Urinary incontinence is leaking urine by accident
This can turn a laughing fit or fun workout into a stressful and potentially uncomfortable situation.
Urinary incontinence occurs more in older people, especially women. These bladder control problems are very common and you should not feel embarrassed talking to a urologist about your symptoms.
Three common types of urinary incontinence
Stress urinary incontinence
Stress urinary incontinence is the involuntary loss of urine during physical activities, like laughing, jumping, sneezing or lifting heavy objects. It occurs when the muscles that support the urethra are weakened or damaged. This can happen for a variety of reasons, including:
- Hormone changes
- Prior surgery
- Pelvic radiation treatment
Urge urinary incontinence
Urge urinary incontinence is the unintended loss of urine due to an involuntary bladder contraction. Patients often describe a sense of undeniable urge to void prior to urge incontinence episodes. Patients report urge urinary incontinence as losing their warning time to make it to the bathroom. They often feel the need to go even if they just emptied their bladder.
Urge incontinence is often associated with symptoms of frequent trips to the bathroom known as overactive bladder.
Mixed urinary incontinence
Mixed urinary incontinence is involuntary bladder leakage associated with a combination of both urge and stress urinary incontinence.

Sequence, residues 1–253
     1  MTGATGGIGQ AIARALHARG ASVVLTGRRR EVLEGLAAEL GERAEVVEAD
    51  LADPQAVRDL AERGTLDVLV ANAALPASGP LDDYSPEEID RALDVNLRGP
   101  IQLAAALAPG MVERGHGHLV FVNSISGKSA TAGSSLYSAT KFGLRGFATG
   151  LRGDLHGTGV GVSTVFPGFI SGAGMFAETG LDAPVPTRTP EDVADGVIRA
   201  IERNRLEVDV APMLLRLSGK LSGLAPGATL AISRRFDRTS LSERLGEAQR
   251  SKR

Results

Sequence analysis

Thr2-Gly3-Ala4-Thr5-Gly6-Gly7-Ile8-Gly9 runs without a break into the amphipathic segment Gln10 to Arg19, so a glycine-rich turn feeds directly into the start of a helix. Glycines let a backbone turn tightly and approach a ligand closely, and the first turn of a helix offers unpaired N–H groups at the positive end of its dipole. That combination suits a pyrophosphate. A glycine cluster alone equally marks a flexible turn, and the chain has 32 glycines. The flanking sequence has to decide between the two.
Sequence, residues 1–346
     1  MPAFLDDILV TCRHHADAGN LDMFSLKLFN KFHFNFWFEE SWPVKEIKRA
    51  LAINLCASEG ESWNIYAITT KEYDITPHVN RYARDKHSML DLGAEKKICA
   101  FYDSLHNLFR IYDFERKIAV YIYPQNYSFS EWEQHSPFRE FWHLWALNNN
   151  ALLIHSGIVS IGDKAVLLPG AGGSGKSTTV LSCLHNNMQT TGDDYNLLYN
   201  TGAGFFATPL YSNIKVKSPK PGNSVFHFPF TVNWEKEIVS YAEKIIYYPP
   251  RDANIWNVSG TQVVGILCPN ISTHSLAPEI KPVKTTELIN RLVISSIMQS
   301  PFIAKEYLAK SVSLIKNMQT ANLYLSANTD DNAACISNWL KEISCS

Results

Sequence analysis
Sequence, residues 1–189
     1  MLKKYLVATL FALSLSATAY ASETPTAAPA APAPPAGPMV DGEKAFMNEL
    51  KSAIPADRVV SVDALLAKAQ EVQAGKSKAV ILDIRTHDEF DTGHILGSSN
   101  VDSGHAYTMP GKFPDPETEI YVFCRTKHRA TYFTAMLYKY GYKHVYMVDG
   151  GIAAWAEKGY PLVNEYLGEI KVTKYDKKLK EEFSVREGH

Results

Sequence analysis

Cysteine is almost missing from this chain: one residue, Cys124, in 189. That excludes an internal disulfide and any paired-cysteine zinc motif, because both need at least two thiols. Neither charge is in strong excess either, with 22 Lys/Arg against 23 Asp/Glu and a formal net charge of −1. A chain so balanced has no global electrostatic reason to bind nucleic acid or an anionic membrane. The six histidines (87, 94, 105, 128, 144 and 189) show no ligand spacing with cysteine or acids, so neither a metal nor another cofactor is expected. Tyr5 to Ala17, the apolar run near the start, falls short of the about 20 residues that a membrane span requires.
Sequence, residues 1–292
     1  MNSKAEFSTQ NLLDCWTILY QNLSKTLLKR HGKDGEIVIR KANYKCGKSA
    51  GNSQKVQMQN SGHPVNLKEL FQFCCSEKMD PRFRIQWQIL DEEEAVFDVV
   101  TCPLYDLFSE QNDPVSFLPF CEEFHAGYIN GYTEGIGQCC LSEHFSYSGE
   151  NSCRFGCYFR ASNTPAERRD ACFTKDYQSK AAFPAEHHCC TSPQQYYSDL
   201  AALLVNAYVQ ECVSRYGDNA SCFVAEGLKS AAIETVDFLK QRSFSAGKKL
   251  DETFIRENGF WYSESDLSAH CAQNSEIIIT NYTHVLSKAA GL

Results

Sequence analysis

1 in 2
have urinary incontinence. 
 Markland AD, Richter HE, Fwu C-W, et al. Prevalence and trends of urinary incontinence in adults in the United States, 2001 to 2008. J Urol. 2011 Aug;186(2):589-93.
Urinary incontinence affects more people than you might think.
The important thing to remember is that although incontinence is more common as we age, urine leakage is never normal. There are millions of women out there just like you who experience some form of bladder leakage.
 International Continence Society. Continence Promotion: Prevention, Education and Organization. https://www.ics.org/Publications/ICI_3/v1.pdf/chap1.pdf. Accessed December 13, 2021.
 Kinchen KS, Burgio K, Diokno AC, et al. Factors associated with women’s decisions to seek treatment for urinary incontinence. J Womens Health (Larchmt). 2003 Sep;12(7):687-98.
Many women have secret strategies for managing these symptoms, like wearing liners or pads, going before leaving the house, always finding a public restroom, limiting fluids throughout the day and crossing their legs. If you’re thinking, “Hey, I use some of those same strategies,” then it may be time to explore your treatment options for relief.
Options to manage incontinence
There are many options available to manage incontinence and begin to work towards a return to more normal life. Many times, conservative treatment options for stress urinary incontinence are used initially. Some of those treatment options include behavioral modification, such as:
Pelvic floor muscle training
One type of treatment is use of pessaries, which are silicone devices fitted inside the vagina to provide support. Pessaries may or may not improve symptoms. When symptoms are more severe, or conservative options aren’t working, procedures such as bulking agent injections or sling surgery may be an option.